Eli, Eli, Lama Sabachthani (“My God, my God, why have you abandoned me”), Weaver Hawkins, 1970
A very ancient feast slipped by for many this week – the Feast of the Exaltation of the Cross. It commemorates the dedication of a church by that name in Jerusalem in the early fourth century. Sometimes it is associated with ‘the finding of the true cross’ by that extraordinary relic-collector, St Helena, the wife of the Emperor Constantine.
At the heart of the life-death-and-resurrection of Jesus, the cross is the core symbol of our faith. So rich a symbol, it even transcends the context of faith – such as in The Red Cross, or the many awards for sacrifice and valor in the form of a cross. But I have often mused at how easily we display and even wear such a symbol, especially as a crucifix, displaying the body of the executed Jesus. When one thinks about it, it so graphic and confronting. How many times these days do we hear newsreaders alert us: “Viewers are warned that some of the following images in this story may be upsetting.” And they are. Perhaps familiarity with the cross and the crucifix has numbed us. But St Paul knew its power to confront: “Here are we preaching a crucified Christ; to the Jews an obstacle that they cannot get over, and to the pagans madness.” (I Cor 1:23)
I have often struggled with some of the theology offered to explain the cross. In response to whatever was the sin of Adam and Eve, was the death of Jesus really needed or demanded as a sacrifice to appease a hurt/angry God? Was it an atonement, was it a substitution (Jesus taking on all our faults to make restitution for our collective sin)? I appreciate there are a lot of theological subtleties here, but it is hard to avoid seeing God the Father presented as dealing rather brutally with his Son. Finally, in one Gospel, Jesus himself describes his death as a ransom – but if so, a ransom paid to whom?
More recently I have been interested in the thoughts of a thirteenth-century Franciscan philosopher/theologian, Duns Scotus, beatified not too long ago by Pope John Paul II. Scotus believed that the Trinity from the very start wanted to share its life and love with humankind. Scotus loved that oft-quoted line from John’s Gospel: “Yes, God loved the world so much that he gave his only Son, so that everyone who believes in him may not be lost, but have eternal life” (Jn 3:16). Through that Incarnation, as God-among-us, Jesus would show us how to be drawn up into the Trinity. Scotus suggests this desire of the Trinity predated, and was independent of, “the sin of Adam”. In fact, Scotus believed that the Incarnation would have happened even if Adam and Eve had not sinned at all! For Scotus, this means God acts freely and generously out of love, not out of a response to our sin.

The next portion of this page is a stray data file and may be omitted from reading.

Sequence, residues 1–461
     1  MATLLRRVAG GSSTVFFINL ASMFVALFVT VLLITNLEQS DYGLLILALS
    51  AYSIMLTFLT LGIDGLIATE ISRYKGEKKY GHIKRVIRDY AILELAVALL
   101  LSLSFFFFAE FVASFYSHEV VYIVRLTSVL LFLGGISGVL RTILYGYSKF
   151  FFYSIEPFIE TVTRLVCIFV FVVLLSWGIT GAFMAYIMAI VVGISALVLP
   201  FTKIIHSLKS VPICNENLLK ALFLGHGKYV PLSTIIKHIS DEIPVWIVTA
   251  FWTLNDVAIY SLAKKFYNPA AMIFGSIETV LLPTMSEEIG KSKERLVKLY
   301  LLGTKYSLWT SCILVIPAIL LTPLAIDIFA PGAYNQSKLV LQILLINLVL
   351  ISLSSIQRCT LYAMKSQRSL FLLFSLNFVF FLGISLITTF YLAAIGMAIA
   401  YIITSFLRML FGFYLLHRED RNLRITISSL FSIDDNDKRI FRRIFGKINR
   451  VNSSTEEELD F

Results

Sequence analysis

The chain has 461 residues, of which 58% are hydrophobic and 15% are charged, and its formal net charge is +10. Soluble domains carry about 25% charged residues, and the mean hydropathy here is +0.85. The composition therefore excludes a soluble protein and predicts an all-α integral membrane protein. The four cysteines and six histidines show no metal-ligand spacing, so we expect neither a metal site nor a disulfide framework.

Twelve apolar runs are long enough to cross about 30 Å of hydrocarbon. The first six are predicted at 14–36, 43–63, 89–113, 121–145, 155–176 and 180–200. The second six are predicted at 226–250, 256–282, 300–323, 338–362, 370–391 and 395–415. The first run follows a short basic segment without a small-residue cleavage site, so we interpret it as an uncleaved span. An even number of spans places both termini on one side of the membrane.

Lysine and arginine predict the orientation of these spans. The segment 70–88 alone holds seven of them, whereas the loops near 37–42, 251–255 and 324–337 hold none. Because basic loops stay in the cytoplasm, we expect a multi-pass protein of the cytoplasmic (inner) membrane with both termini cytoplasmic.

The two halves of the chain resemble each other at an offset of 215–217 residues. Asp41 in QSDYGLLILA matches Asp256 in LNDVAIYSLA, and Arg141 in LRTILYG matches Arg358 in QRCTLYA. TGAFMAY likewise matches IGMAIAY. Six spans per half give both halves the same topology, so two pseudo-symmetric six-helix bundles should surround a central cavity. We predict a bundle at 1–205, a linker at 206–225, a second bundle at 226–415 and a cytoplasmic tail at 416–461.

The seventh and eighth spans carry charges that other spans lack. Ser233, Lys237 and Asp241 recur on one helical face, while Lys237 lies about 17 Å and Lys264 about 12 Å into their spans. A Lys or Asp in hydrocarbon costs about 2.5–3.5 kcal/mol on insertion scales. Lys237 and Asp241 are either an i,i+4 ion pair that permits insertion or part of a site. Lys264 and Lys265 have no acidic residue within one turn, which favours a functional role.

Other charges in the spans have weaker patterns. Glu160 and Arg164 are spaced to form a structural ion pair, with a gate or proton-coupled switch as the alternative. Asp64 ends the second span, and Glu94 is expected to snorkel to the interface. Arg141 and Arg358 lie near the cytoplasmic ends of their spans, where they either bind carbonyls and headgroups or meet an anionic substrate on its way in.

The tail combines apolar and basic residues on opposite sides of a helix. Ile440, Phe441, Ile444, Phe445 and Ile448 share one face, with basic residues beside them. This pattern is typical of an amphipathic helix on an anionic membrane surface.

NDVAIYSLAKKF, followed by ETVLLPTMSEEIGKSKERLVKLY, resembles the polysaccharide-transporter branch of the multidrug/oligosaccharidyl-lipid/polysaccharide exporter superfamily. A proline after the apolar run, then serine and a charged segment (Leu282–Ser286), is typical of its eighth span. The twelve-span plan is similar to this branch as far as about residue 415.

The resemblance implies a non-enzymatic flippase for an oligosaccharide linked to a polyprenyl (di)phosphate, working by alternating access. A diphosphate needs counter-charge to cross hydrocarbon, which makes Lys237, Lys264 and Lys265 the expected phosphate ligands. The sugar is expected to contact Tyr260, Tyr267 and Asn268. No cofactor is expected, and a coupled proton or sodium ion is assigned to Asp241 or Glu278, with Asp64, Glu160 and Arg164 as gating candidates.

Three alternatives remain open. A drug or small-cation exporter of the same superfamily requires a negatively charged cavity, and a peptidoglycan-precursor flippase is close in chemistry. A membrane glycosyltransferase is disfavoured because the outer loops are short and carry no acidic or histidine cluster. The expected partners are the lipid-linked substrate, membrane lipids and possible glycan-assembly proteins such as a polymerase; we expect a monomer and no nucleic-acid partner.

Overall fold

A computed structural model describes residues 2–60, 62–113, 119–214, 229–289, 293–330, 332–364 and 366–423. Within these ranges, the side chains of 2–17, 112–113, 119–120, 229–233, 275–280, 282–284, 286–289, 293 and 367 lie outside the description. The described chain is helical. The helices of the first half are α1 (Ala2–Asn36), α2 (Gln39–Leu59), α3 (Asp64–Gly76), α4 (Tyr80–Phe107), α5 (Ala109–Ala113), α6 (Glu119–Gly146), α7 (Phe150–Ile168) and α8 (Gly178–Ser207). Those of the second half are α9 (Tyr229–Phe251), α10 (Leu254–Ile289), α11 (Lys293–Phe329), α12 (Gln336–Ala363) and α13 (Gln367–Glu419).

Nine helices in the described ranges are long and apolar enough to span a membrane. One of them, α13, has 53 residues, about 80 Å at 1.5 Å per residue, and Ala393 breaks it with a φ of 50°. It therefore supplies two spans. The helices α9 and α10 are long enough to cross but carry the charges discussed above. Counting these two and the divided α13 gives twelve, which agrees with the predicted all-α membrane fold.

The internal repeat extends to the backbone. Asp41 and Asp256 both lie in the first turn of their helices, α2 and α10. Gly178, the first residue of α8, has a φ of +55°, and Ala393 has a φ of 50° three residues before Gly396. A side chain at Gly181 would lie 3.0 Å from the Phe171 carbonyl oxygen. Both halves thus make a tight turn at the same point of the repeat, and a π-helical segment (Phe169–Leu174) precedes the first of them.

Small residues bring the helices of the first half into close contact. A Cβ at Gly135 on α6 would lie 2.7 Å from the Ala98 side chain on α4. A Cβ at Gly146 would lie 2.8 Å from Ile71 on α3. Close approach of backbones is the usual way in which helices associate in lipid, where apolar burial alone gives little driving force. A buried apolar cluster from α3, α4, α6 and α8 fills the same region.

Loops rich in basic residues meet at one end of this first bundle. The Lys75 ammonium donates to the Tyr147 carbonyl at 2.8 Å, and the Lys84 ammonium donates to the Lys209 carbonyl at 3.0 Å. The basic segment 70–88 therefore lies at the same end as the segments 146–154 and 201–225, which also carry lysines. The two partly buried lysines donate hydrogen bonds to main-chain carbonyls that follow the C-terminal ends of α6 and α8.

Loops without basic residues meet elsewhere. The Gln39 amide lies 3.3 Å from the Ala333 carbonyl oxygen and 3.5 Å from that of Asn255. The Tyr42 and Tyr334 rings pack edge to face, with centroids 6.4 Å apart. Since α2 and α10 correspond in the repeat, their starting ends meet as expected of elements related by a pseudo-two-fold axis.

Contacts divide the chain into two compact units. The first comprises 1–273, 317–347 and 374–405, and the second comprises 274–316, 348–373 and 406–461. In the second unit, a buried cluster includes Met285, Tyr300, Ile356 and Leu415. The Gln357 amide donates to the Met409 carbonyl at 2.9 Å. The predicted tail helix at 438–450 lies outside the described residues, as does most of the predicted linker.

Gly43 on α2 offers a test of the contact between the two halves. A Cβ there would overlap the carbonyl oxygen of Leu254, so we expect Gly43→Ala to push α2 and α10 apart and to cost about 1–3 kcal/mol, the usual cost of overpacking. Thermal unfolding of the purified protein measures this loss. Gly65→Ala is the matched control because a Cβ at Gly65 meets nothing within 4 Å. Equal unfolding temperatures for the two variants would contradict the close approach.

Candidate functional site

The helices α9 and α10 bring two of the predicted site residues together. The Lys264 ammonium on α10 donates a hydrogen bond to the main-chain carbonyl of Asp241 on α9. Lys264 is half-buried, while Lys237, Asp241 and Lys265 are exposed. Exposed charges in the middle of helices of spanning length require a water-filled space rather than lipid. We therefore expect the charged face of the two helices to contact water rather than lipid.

In the light of that, what do we make of the death of Jesus? Simply that it puts him in the line of all the prophets who were martyred because they stood up for what was good, right and true. Prophets throughout history who were both religious and “secular”. People who saw individuals, societies or governments acting against human dignity and the common good and who were prepared to call what they saw for what it was. And they paid the ultimate price. The difference with Jesus was, of course, that he was raised from that death by his Father.
So does the cross have anything to say to us today? Of course it does. There are many interpretations for our times, but one application which gives me cause for reflection is by Ignacio Ellacuría SJ. He was one of the six Jesuits (together with their housekeeper and her young daughter) who were assassinated in the University of Central America, El Salvador, in 1989 for their conscientising of the people and standing for the rights of the oppressed. He wrote this, not long before he was killed:
Among all the signs we see in every age – some of them obvious and some of them barely perceptible – there is always one that stands out, in the light of which we can discern and interpret all others. That sign is the historically crucified people, which is always present, although the historical method of crucifixion constantly changes. This crucified people is the historical successor of the Servant of God, still deprived of human form by the sin of the world; still robbed of everything by the powers of this world, which snatch away even his life – especially his life.
At one point in the Gospel, Jesus invites us to take up our cross daily, because (being human) he knows we all face such crosses daily. But this puts us in good company. His company. Margaret Silf would rank among the best interpreters of Ignatian spirituality today. In a recent book which takes us through imaginary conversations with Ignatius, entitled Call Me Lopez, she describes how Ignatius would see the cross. It is an insightful quote with which to conclude:
At the foot of the cross is where we learn the most about ourselves and our response to God’s call. There we learn how deeply we are complicit in those aspects of human activity that are death-dealing, and we also understand the depth of God’s compassion for the ways we, ourselves have been damaged. We meet our own helplessness, face-to-face, in the suffering of a helpless Jesus. We face our worst fears and most abject failures and see how God holds it all in loving hands, inviting us to step, with Jesus, across the threshold of transformation.